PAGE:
In New Mexico, the state legislature responded actively to the court’s order, studying and redesigning their facilities financing system and committing new state money to school construction. However, the system was almost immediately bypassed by the Governor and legislature in favor of providing extra funding to more politically powerful districts, rather than the poor, rural districts that had been plaintiffs in that state’s lawsuit.
In New Jersey, facilities became part of the state’s long-running adequacy lawsuit, Abbott v. Burke. The state pledged substantial additional funding to a facilities construction and repair plan that was designed to provide adequate and equitable facilities across the state. However, the money that the state committed to the project was used up on a fraction of the planned projects, and the state agency charged with managing the state’s facilities program was revealed as corrupt and wasteful. The aftermath of that scandal has proven devastating to high-needs districts, as projects have stalled and the state remains hesitant to commit substantial new funds to the project.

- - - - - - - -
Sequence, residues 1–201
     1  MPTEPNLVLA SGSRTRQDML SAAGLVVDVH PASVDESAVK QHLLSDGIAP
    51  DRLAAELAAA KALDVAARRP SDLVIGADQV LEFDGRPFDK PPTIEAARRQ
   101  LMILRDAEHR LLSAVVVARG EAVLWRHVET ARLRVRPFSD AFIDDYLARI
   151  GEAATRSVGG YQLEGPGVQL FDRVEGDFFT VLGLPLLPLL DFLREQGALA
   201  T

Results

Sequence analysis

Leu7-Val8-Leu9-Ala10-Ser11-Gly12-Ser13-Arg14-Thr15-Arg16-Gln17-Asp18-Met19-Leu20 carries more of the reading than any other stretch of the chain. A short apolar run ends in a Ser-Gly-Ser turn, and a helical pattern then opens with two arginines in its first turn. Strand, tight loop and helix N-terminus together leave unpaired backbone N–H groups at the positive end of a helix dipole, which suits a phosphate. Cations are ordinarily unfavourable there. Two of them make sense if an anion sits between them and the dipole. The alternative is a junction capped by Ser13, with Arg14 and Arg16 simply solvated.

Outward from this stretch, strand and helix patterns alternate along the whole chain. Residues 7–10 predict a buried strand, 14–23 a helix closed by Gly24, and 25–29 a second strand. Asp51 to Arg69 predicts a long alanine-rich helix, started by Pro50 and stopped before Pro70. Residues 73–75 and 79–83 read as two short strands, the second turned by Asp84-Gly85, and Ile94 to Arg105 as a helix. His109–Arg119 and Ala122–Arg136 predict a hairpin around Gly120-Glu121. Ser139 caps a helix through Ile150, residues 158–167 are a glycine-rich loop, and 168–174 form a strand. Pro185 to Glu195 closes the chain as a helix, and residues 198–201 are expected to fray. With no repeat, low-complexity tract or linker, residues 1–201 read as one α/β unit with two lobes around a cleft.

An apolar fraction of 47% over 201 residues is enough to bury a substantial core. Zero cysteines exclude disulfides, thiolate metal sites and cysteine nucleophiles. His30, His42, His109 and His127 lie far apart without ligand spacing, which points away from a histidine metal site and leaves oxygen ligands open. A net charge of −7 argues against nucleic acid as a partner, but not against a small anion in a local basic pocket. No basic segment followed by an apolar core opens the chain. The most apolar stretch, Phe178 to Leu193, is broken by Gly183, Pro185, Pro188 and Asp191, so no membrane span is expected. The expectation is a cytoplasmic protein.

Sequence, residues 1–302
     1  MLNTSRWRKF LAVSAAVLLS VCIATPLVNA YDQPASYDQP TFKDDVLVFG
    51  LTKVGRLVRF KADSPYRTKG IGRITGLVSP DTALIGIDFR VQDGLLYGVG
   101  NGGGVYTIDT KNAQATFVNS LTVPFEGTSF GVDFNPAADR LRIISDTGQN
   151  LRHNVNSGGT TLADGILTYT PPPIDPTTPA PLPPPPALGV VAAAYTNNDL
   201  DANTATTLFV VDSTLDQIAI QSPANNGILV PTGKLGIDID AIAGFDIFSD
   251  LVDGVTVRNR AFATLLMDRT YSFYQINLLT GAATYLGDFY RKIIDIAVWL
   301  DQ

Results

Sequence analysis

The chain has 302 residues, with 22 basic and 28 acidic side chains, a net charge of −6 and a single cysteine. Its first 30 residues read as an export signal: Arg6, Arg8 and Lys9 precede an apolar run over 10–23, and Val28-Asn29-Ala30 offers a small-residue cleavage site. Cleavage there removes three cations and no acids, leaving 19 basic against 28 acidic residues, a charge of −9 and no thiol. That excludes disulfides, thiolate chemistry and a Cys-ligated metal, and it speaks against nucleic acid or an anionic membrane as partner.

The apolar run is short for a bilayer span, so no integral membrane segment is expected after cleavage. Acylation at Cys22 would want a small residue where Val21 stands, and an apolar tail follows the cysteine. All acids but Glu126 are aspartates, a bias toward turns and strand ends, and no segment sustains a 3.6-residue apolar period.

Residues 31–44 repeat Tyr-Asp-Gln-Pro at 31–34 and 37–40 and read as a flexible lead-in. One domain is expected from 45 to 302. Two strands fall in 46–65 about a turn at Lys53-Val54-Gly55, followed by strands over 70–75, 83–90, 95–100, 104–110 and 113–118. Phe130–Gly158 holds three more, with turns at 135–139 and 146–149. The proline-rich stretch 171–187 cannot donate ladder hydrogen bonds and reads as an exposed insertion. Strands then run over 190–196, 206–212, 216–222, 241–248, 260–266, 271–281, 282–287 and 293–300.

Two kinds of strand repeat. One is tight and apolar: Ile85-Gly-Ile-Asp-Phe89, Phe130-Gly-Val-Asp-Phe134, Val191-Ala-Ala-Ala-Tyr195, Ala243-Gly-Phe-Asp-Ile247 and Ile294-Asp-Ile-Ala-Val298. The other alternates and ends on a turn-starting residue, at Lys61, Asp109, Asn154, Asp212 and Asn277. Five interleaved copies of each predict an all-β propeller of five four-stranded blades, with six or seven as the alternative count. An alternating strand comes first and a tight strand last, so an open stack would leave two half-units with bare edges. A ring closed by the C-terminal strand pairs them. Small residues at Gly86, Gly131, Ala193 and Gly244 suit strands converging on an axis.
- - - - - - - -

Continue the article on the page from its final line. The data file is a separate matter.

In Arkansas, the state responded to the court’s order by commissioning an extensive study that purported to identify facilities needs across the entire state. However, the state’s subsequent appropriation of facilities funding was declared totally insufficient by the special masters in the state’s adequacy case, and the legislature was forced to appropriate more funds. The adequacy of those funds, and the legislature’s continued commitment to the state’s facilities funding plan remain to be seen.

Updated April 2007